Rage against the campus

Dear editor,

You can always tell who the first years are.

Bags packed with all their textbooks. Mouths shining with braces and smiles that will surely fade in a month or two. But if you can’t tell the first-year backpack from the fourth-year backpack, and you aren’t particularly interested in staring at a person until they smile, you could always take a walk from the crowded bus terminal to the Student Centre.

Those BMO people, with their suits and their cards and their clipboards. Only first-years—those poor, naïve, little children whose university experience won’t equate to that fictional image in their minds—have the cluelessness to speak to them.

Me, I walk around with my earmuff headphones on, almost as a threat: “I’m in fourth year. Back off, BMO man—or woman!” It’s not that I needlessly hate their guts or anything. Four years of tuition and overpaying for textbooks I barely use have taught me something: nothing’s free. Not from school, not from BMO, not from anyone. It also taught me to wait a month before buying textbooks from the bookstore, unless you want to make an entire day of it.

That’s not to say I find our campus terrible. I do love the trees, the deer, the library, and the Dyson hand dryers in the washrooms.

But some stuff sucks. I mean, I’d like more study space in November and December. And yeah, waiting in the Timmy’s lineup for 20 minutes just for a bagel is never fun. Personally, I think there should be at least three Timmys readily available for hungry students. It’s not like they wouldn’t make money off us.

And the garden centre, the garden centre! Don’t get me started on the garden centre! You know, that really narrow hallway leading from CCT to the library? Something tells me that isn’t the best place to host a garden-selling escapade. Students walking in single-file, sweating, breathing all over me, tugging on my backpack, pushing me, violating my personal space. Whose bright idea was it to host a garden centre there?

Needless to say, some things irritate me.

Like the construction on a different building every single year. Of course, my last year in the English program takes place the exact same year the North Building will be revamped.

The hopeful first-years make me laugh. The BMO employees and the garden centre make me angry. But what makes me sad? And what’s going to kill those first-years’ optimism?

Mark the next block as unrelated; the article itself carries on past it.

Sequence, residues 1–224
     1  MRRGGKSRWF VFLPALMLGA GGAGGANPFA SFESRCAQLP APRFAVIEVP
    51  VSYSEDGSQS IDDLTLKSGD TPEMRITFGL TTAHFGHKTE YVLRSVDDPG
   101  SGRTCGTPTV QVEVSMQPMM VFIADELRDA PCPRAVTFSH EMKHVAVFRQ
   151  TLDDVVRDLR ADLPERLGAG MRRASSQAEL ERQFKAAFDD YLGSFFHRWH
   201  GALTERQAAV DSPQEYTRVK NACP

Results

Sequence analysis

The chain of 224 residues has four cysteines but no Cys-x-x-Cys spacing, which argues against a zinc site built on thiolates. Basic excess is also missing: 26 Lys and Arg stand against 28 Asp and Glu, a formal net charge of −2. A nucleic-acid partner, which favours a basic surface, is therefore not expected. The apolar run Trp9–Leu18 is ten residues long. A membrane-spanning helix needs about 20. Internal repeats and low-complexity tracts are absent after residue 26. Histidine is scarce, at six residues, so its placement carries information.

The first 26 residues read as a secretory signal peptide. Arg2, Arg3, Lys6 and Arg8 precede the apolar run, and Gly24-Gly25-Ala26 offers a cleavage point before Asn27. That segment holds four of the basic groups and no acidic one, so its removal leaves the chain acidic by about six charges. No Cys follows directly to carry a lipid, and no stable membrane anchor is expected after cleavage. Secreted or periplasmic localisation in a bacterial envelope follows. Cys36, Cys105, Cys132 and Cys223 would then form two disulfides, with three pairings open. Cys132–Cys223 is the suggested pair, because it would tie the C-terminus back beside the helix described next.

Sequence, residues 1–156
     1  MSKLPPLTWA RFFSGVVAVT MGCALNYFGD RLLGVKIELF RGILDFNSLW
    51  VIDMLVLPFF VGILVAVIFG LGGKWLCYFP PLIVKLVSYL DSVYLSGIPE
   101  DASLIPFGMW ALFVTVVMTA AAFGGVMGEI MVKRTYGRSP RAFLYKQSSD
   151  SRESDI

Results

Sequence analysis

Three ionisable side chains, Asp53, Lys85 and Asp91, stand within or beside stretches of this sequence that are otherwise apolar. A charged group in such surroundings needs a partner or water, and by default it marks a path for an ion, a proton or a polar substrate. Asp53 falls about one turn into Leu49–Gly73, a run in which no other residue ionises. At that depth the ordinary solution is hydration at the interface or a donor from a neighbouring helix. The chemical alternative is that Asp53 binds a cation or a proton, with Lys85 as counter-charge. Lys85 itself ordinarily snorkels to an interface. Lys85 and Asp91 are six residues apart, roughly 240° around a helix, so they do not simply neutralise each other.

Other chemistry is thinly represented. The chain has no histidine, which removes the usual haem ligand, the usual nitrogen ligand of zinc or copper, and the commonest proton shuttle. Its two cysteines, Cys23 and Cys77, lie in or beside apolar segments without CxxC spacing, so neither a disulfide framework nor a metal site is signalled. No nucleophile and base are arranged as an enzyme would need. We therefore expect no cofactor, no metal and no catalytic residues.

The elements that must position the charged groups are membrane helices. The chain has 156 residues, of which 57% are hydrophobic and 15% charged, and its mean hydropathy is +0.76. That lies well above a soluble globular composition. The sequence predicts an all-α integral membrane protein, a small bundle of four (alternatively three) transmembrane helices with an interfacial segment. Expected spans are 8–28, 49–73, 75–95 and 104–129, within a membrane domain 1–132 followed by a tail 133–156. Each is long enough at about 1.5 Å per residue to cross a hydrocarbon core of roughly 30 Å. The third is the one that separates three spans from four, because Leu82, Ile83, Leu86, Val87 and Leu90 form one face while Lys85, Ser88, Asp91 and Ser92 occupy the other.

You know how music blares during that first week or two? Outside the pub. It’s cool, it’s hip, and it’s a nice place to be (for two weeks). But that’s nothing more than a diversion from the truth. They make UTM seem like this rollercoaster ride of parties and breakdancing outside of the Student Centre.

What’s there to do on campus, you may ask? Well, you can join the debate club, or the students’ union. Or write for that beautiful school newspaper of ours.

But what is there, really?

There’s nothing sadder for me than hearing students from the downtown campus talk about the latest party they’ve been to. I’m not saying there aren’t any parties on campus. I just haven’t been invited. And sure, there are pub nights at the Blind Duck, but those tickets sell out fast considering the maximum capacity is about a hundred people.

Speaking of the pub, what kind of restaurant and bar—yes, a bar that serves actual alcohol, and lots of it—closes at eight Mondays through Thursdays? Well, it’s not that bad. I mean, it’s probably open to midnight or something on Fridays, right? Wrong. The Blind Duck, that beautiful student sanctuary where I can forget about midterms and essays and have a nice, cold beer, closes at four in the afternoon on Fridays.

Campus doesn’t have to be this way. It can be fun. We students just need a place to go besides the library and Starbucks. Maybe I’m antisocial. No, I’m definitely antisocial. I just can’t help but wonder whether it’s my fault, or whether campus doesn’t present enough viable options to have some good, old-fashioned fun.

Sami Karaman

Fourth-year, English


  1. First of all, while those break dancers often get asked by people to dance bring in a crowd, the reason they get asked is because they are indeed pretty dope.
    Secondly, I think UTM Breakers and yourself and many others would agree that what we need, in the least, is a half bar/half cafe to be open at the student centre 24/7 with a sign that says No Gamers Allowed. I was thinking it can be called Occupy UTM, and it should be run by anyone but UTMSU.

    • What up Phil. Thanks for the UTM Breakers shout out. :D
      Just wanted to say, the Gamer club, they’re pretty cool too. Don’t hate, appreciate. As Sami says, we all need something to do. I actually respect the EGO [erindale gaming organization… or something] quite a bit since they’re not just video games. They have to deal with their own stigma. I think it’d be interesting if they were given responsibility to run this half cafe/bar you have in mind.

      As to Sami, UTM breakers is always doing our own thing. We’re just more noticeable during clubs week. You’re always welcomed to join us. Just check the schedule outside the dance studio in the RAWC to see when we’re in. :D

      • Ahaha yeah I’m likely to running CoD myself but plz no 8hrWoW marathons without at least 4 breaks to discourse on Deus Ex and the subersive and enlightened culture of this generation that has grown up with Simpsons and the internet.

      • Also have huge respect for EGO. They aren’t just a video game driven organization as what most people may think, they have a huge supply of board games you never knew existed.

        Check out Snakes & Lattes and you will be surprised how well games and coffee go together. How great would it be if we could have the same concept at UTM? Little things like these should be what the campus should be working towards, not standing outside Parliament yelling drop fees. Food for thought.